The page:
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The Independent Critic

Melissa Navia, Francesco Plazza, Bonnie Piesse, Romy Valentina, James Gill, Terilynne Marshelle-Fleming
Joseph Villapaz
51 Mins.

 "Love Eterne" Review 
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What do you do?

You've just finished your film, a labor of love that you've constructed with your hard work and heart work on an uncommonly low budget and with incredibly modest resources. You realize it's not perfect, but you watch it and believe it to be the best you could have done given your challenging circumstances.

You watch it. Your friends watch it. Your family watches it. Of course, the cast watches it.

You find yourself wondering aloud "What next?"



A theatrical run?

All of the above?

Then, lo and behold, you win a prize from The Accolade Competition or a similar filmmaking contest. You feel encouraged and suddenly wonder aloud, once again, "What next?"


Movie reviews?

A web-based campaign?

You send out your "baby" to a few critics whom you are aware have the ability to watch an independent film and look beyond a modest budget and all the inherent tech challenges that go along with it.

Then, the first review comes in. Ugh.

It's hard being an independent filmmaker. You sink your heart, soul and finances into a film then are completely at the mercy of film festivals and film critics as you attempt to spread the word about your film. Sometimes, it's a wondrously joy-filled experience. Other times, perhaps even most times, it's a soul-crushing disappointment.

Written and directed by Joseph Villapaz, Love Eterne is a romantic comedy evolving around Medina (Melissa Navia) and Quinn (James Gill). Melissa is grieving the death of her fiance', while Quinn is coping with having been recently dumped by his girlfriend. Out of their own individual miseries, may very well come unexpected love.

As a film critic primarily devoted to exploring the world of microcinema and ultra-indies, there's no question that I've seen both remarkable cinematic achievements and incredibly unremarkable cinematic duds. I've seen the kindest, most gracious and humble filmmakers in the world who've accomplished absolutely amazing things on paltry production budgets, while I've also seen and experienced the snottiest filmmakers you could ever possibly imagine who've taken a semi-decent "low" budget and turned it into one big ole' heaping pile of celluloid crapola.

Love Eterne is neither a good film nor celluloid crapola. The film is greatly hindered by its technical limitations to such a degree that a good majority of audiences will find it intolerable. Hardcore microcinema fans would sit through the film, finding both its strengths and weaknesses, while struggling to verbalize the positives should cast or crew be offering a post-screening Q&A.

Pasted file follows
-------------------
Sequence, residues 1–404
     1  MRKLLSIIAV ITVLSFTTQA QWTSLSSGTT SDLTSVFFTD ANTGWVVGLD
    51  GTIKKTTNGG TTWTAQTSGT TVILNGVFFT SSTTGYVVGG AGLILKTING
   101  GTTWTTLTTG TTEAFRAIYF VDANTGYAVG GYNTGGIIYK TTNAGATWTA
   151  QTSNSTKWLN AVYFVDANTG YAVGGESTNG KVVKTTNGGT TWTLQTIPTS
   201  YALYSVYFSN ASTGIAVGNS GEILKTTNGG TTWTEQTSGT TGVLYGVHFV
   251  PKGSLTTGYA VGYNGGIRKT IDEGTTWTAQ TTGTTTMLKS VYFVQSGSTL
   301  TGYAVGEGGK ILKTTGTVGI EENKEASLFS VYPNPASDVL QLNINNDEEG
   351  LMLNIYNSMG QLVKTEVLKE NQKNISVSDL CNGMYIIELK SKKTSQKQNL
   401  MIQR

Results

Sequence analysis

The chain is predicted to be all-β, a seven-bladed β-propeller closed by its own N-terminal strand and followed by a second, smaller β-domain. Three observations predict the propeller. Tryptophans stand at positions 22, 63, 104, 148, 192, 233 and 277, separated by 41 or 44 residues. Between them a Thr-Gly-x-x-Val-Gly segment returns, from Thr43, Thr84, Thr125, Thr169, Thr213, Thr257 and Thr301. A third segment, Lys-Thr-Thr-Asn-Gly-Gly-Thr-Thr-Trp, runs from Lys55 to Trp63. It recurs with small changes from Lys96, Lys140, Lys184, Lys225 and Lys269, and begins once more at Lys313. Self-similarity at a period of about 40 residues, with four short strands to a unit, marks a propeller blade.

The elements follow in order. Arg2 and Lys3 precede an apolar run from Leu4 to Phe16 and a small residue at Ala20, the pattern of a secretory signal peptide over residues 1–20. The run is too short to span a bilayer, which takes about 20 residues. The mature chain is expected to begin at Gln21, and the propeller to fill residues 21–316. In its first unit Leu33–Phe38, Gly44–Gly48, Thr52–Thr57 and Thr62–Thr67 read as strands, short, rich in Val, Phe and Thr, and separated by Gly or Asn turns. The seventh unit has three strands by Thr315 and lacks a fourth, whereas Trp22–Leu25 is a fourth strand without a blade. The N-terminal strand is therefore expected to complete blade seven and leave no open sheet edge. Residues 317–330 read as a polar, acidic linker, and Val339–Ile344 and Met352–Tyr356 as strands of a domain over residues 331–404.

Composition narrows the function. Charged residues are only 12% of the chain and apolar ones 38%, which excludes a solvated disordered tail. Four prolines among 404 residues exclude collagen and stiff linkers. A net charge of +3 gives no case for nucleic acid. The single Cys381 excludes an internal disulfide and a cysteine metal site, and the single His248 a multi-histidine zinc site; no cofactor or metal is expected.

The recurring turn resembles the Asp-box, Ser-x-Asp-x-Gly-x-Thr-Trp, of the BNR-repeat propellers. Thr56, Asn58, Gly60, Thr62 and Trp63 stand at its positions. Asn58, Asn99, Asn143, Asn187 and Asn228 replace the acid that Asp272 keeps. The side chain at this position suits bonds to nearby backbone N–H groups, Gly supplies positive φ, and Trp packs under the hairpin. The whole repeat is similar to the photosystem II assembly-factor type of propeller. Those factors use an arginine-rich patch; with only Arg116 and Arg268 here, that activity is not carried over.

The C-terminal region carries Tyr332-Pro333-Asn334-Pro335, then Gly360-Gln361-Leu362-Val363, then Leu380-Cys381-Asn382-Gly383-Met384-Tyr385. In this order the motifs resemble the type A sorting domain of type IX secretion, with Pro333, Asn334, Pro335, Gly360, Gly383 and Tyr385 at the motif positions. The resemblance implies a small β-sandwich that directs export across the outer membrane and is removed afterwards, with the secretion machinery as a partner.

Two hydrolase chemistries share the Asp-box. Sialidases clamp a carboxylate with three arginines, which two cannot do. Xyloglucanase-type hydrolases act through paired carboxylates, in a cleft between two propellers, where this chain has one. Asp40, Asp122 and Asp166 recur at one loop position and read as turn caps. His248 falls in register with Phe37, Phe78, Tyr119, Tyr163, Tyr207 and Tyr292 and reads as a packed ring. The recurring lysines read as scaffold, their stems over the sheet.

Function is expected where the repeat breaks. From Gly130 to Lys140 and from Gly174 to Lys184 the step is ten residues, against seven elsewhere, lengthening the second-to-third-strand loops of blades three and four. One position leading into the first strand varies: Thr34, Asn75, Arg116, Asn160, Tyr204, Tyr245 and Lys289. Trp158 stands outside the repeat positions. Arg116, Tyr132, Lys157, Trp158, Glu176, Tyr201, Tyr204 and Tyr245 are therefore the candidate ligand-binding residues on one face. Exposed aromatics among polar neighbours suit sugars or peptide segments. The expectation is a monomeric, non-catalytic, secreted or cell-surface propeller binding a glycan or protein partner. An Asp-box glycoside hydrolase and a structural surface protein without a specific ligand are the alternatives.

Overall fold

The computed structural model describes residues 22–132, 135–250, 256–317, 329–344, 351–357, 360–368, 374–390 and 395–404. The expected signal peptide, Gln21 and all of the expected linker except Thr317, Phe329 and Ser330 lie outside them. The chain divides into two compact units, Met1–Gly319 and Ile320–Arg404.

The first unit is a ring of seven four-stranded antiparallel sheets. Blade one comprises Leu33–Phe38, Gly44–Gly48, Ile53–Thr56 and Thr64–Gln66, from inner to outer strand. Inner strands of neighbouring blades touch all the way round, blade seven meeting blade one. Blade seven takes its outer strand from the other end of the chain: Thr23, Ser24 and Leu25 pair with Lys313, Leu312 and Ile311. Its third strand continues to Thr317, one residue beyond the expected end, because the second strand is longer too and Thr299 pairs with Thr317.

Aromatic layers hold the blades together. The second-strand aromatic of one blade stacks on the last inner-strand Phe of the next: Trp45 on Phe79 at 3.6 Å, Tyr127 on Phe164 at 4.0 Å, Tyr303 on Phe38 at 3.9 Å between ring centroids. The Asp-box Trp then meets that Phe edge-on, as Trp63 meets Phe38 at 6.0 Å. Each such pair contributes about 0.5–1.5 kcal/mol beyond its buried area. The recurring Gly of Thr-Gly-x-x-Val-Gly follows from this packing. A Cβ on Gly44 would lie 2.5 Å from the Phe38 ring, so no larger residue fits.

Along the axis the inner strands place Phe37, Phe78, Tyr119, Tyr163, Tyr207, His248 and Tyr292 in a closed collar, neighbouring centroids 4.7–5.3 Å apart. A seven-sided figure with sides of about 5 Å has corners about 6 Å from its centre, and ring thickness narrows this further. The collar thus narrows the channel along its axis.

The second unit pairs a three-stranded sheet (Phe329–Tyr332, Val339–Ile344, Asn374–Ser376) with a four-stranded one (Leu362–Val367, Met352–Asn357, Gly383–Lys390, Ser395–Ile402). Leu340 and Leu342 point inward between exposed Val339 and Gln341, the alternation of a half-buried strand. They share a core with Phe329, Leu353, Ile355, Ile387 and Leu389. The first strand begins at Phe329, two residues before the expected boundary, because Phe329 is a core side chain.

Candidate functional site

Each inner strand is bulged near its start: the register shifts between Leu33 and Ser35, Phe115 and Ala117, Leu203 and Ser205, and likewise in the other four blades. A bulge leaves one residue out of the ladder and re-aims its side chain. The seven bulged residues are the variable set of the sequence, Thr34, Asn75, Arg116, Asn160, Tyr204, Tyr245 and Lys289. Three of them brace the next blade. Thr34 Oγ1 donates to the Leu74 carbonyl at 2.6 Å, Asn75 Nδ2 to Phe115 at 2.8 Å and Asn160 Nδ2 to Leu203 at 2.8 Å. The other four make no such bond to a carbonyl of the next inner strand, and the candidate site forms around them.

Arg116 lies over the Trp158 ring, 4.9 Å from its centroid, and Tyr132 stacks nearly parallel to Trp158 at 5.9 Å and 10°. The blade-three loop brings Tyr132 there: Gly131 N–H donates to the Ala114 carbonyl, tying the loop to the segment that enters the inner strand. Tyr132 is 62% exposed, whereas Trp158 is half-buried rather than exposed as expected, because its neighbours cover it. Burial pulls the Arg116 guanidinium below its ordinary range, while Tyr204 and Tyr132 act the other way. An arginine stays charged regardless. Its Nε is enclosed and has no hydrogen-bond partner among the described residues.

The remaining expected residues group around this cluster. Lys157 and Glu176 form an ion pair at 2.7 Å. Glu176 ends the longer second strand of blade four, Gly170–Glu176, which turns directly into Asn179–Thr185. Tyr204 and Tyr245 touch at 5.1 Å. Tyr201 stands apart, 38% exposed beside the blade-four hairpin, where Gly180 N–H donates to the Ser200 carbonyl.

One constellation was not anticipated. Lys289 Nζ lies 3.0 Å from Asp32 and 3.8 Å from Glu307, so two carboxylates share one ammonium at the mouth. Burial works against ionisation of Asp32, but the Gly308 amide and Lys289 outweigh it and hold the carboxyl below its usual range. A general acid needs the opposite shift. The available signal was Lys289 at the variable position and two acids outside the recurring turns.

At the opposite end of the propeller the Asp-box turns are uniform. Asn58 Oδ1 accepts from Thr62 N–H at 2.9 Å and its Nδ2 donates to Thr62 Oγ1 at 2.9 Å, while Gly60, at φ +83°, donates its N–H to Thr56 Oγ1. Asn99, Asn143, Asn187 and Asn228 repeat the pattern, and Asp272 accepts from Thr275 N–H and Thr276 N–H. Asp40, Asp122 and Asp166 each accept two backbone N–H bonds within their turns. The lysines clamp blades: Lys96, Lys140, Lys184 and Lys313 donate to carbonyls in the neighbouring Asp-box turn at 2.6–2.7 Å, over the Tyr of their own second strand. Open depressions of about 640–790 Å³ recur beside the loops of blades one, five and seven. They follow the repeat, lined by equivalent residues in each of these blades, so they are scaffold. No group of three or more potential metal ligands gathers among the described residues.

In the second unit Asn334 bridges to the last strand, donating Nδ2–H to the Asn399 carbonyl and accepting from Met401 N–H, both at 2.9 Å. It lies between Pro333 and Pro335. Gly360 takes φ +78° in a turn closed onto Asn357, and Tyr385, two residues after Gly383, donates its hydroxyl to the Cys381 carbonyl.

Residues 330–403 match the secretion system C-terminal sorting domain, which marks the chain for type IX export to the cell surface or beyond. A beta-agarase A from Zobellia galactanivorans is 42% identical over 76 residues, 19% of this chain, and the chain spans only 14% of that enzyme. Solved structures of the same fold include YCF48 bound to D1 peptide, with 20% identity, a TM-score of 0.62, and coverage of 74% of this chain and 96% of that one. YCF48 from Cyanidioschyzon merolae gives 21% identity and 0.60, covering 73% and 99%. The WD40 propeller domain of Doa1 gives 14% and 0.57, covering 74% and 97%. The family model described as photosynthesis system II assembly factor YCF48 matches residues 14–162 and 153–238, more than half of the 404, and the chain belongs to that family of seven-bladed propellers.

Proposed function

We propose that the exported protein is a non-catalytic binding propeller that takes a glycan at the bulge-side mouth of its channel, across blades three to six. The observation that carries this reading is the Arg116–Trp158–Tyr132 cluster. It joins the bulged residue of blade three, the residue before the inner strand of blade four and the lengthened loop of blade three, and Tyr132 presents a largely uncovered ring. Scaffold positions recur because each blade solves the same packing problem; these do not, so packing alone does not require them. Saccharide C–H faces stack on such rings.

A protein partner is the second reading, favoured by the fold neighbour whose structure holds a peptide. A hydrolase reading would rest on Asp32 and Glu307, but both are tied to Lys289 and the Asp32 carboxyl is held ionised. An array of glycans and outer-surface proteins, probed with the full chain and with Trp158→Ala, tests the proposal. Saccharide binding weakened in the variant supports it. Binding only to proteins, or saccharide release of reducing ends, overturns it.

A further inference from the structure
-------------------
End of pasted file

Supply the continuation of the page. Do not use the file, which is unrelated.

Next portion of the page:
Yet, even despite its fairly low rating here, there are good things about Love Eterne.

The good, or at least the promising, starts off with Melissa Navia, whose screen presence lights up the screen even with the film's sound mix betrays her (which is often). Navia radiates a quality that brought to mind early Marisa Tomei, a sort of smarmy sweetness that makes you want to see her in another project down the road. James Gill is solid, as well, exhibiting a nice, comfortable chemistry with Navia.

The film's soundtrack, as well, is quite good despite, once again, a sound mix that often mutes its effectiveness. Villapaz has chosen his music well for this production and it fits everything quite nicely.

Truthfully, the cast for the most part is decent enough and one gets the sense that their performances would have been even stronger had Villapaz found a way to adequately address his sound issues. While there's no question that tech issues play and challenge nearly all indie filmmakers, it's difficult to understand the decision to release the film given its severe sound limitations and occasional lensing difficulties that include a perpetual fuzziness among other challenges.

Love Eterne received an Award of Merit for Short Film from the Accolade Competition, a likely early validation of the film that may be rewarding its concept as much as it is the actual final product. The film has also screened at the New York International Independent Film & Video Festival along with New Filmmakers NY- Anthology Film Archives. Filmed on an estimated $10,000 budget, Love Eterne is a solid example of the challenges that one faces when working with a modest budget and when significant filmmaking connections don't exist. I've seen much better films made on a much lower budget, but usually when it occurs it's because the filmmaker involved worked cooperatively with peers and friends and was able to arrange quality tech on a dollar store budget.

The biggest challenge in reviewing microcinema is the challenge of maintaining hope and exhibiting compassion when reviewing a film that may not work on the level one had hoped but also still remains a labor of love for all involved. While Hollywood studios can survive negative reviews, in fact many of them thrive through it, the independent filmmaker truly needs positive experiences if they have a hope of furthering their film and filmmaking careers.

There are bad reviews where I'd say "Don't see this film!" and there are bad reviews where I lean more towards "Give this filmmaker a chance. He's learning." Love Eterne strikes me as a "teachable moment" film for a new filmmaker learning his way around the obstacles and challenges of ultra-indie filmmaking.

© Written by Richard Propes
The Independent Critic